Figure 6. Precheck for cluster components

To upgrade these components fast and reliably, we support continuous deployment with grayscale, pausing and other functions. The default Kubernetes controllers do not serve us well enough for this use case. Thus, we developed a set of custom controllers for cluster components management, including both plugin and sidecar management.

For example, the BroadcastJob controller is designed for upgrading components on each worker machine, or inspecting nodes on each machine. The Broadcast Job runs a pod on each node in the cluster until it ends like DaemonSet. However, DaemonSet always keeps a long running pod on each node, while the pod ends in BroadcastJob. The Broadcast controller also launches pods on newly joined nodes as well to initialize the node with required plugin components. In June 2019, we open sourced cloud native application automation engine OpenKruise we used internally.

Figure 7. OpenKurise orchestrates broadcast job to each node for flexible work

To help our customers with choosing the right cluster configurations, we also provide a set of predefined cluster profiles, including Serverless, Edge, Windows, and Bare Metal setups. As the landscape expands and the needs of our customers grow, we will add more profiles to simplify the tedious configuration process.

Figure 8. Rich and flexible cluster profiles for various scenarios

Global Observability Across Datacenters

As presented in Figure 9, the Alibaba Cloud Container service has been deployed in 20 regions around the world. Given this kind of scale, one key challenge to ACK is to easily observe status of running clusters so that once a customer cluster runs into trouble, we can promptly react to fix it. In other words, we need to come up with a solution to efficiently and safely collect the real-time statistics from the customer clusters in all regions and visually present the results.

Figure 9. Global deployment in 20 regions for Alibaba Cloud Container Service

Like many other Kubernetes monitoring solutions, we use Prometheus as the primary monitoring tool. For each meta cluster, the Prometheus agents collects the following metrics:

The global stats collection is designed using a typical multi-layer aggregation model. The monitor data from each meta cluster is first aggregated in each region, and the data is then aggregated to a centralized server which provides the global view. To do this, we use Prometheus federation. Each data center has a Prometheus server to collect the data center’s metrics, and the central Prometheus is responsible for aggregating the monitoring data. An AlertManager connects to the central Prometheus and sends various alert notifications, by means of DingTalk, email, SMS, etc. The visualization is done by using Grafana.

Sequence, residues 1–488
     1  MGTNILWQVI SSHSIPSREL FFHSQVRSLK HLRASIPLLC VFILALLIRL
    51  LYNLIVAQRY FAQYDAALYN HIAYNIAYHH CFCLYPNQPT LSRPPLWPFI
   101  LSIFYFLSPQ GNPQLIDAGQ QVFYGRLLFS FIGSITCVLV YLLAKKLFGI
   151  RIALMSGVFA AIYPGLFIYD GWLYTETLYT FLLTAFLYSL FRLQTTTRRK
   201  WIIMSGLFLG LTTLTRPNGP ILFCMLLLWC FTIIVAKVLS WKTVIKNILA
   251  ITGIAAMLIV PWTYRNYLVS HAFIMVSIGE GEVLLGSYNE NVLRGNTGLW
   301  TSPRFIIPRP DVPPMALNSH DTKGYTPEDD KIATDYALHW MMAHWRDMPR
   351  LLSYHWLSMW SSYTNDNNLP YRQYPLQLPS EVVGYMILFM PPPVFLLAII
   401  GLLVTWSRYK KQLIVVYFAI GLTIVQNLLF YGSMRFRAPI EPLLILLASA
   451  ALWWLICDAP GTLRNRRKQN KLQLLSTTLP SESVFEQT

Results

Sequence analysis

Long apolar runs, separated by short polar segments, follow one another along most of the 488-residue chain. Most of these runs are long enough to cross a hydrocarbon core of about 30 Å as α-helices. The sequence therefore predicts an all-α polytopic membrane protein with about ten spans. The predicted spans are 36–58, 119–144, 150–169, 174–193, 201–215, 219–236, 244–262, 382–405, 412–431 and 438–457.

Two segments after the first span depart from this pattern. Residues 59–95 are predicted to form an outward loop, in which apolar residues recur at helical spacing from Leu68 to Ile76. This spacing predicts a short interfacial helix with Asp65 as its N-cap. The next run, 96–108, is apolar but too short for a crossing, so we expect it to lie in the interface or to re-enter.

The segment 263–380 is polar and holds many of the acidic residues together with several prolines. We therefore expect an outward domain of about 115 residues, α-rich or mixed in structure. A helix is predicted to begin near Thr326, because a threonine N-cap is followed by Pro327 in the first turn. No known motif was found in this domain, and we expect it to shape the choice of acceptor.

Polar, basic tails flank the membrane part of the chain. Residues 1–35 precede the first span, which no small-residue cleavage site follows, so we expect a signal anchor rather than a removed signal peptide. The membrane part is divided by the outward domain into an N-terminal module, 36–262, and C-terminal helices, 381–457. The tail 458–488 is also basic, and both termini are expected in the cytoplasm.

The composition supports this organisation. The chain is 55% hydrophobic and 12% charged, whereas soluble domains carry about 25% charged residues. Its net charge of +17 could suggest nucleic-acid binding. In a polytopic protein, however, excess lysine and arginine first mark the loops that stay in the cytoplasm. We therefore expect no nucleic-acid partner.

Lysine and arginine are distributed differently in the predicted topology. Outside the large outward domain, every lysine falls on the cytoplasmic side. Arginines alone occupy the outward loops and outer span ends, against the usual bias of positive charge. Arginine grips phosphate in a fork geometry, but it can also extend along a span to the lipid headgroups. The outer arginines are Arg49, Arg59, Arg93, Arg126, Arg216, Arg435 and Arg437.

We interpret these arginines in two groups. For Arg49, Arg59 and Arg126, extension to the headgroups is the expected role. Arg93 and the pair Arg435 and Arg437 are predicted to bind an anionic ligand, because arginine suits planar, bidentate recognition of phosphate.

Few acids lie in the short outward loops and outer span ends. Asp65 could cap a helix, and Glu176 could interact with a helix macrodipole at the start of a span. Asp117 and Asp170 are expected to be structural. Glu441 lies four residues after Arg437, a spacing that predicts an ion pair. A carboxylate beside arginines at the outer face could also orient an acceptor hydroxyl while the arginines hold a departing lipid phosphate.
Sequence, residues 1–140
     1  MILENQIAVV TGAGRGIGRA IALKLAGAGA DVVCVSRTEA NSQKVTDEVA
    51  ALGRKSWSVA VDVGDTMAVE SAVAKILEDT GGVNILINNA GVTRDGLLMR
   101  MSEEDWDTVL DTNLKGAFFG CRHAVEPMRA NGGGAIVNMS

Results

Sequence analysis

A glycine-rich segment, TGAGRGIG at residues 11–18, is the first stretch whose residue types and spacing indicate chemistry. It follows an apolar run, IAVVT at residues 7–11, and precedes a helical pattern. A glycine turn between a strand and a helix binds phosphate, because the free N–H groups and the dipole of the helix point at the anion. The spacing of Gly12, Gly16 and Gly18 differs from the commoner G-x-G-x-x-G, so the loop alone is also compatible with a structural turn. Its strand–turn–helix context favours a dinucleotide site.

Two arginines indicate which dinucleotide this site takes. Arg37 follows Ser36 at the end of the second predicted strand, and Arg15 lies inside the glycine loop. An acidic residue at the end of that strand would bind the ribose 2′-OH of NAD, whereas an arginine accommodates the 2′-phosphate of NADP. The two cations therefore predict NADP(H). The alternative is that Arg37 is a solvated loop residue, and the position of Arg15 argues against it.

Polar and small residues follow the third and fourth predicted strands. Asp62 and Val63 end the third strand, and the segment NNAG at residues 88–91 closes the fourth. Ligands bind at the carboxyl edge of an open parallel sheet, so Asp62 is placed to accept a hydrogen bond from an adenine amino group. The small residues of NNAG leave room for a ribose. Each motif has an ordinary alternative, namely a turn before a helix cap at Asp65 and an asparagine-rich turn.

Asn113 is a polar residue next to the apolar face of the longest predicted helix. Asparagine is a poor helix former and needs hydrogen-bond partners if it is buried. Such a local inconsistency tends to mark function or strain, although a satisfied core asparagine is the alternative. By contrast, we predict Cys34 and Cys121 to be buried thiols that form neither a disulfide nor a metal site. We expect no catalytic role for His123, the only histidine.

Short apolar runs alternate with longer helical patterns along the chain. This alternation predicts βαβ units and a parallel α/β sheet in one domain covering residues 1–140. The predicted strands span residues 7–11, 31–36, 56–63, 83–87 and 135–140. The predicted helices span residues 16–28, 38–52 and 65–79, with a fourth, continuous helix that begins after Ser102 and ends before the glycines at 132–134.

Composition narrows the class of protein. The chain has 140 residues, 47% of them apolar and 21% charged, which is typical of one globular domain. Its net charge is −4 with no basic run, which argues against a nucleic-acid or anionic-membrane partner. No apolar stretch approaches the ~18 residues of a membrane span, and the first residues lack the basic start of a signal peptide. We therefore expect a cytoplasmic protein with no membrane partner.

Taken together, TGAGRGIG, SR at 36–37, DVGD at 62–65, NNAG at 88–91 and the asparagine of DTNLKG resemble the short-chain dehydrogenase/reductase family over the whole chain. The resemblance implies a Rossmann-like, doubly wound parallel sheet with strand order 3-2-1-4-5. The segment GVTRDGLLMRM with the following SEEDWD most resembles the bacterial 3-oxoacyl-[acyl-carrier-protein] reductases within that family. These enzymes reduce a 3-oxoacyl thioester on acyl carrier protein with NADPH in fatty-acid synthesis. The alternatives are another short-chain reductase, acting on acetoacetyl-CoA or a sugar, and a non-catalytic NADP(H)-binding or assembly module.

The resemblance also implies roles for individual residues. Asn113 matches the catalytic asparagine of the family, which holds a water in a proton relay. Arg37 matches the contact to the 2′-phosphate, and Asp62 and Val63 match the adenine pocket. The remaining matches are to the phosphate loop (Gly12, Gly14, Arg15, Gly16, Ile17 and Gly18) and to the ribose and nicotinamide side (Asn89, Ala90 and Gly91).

In Figure 10, the monitoring system can be divided into three layers:

This layer is furthest away from the central Prometheus. An edge Prometheus server existing in each meta cluster collects metrics of meta and customer clusters within the same network domain.

The function of cascading Prometheus is to collect monitoring data from multiple regions. Cascade Prometheus servers exist in larger regions such as China, Asia, Europe, and America. As the cluster size of each larger region grows, the larger region can be split into multiple new larger regions, and always maintain a cascade Prometheus in each new large region. Using this strategy, we could achieve flexible expansion and evolution of the monitoring scale.

Central Prometheus connects to all cascading Prometheus servers and performs the final data aggregation. To improve reliability, two central Prometheus instances are deployed in different AZs and connect to the same cascading Prometheus servers.

Figure 10. Global multi-layer monitoring architecture based on Prometheus federation


With the development of cloud computing, Kubernetes based cloud-native technologies continue to promote the digital transformation of the industry. Alibaba Cloud ACK provides secure, stable, and high-performance Kubernetes hosting services. Which has become one of the best carriers for running Kubernetes on the cloud. The team behind Alibaba Cloud strongly believes in open source and its community. In the future, we will share our insights in operating and managing cloud native technologies.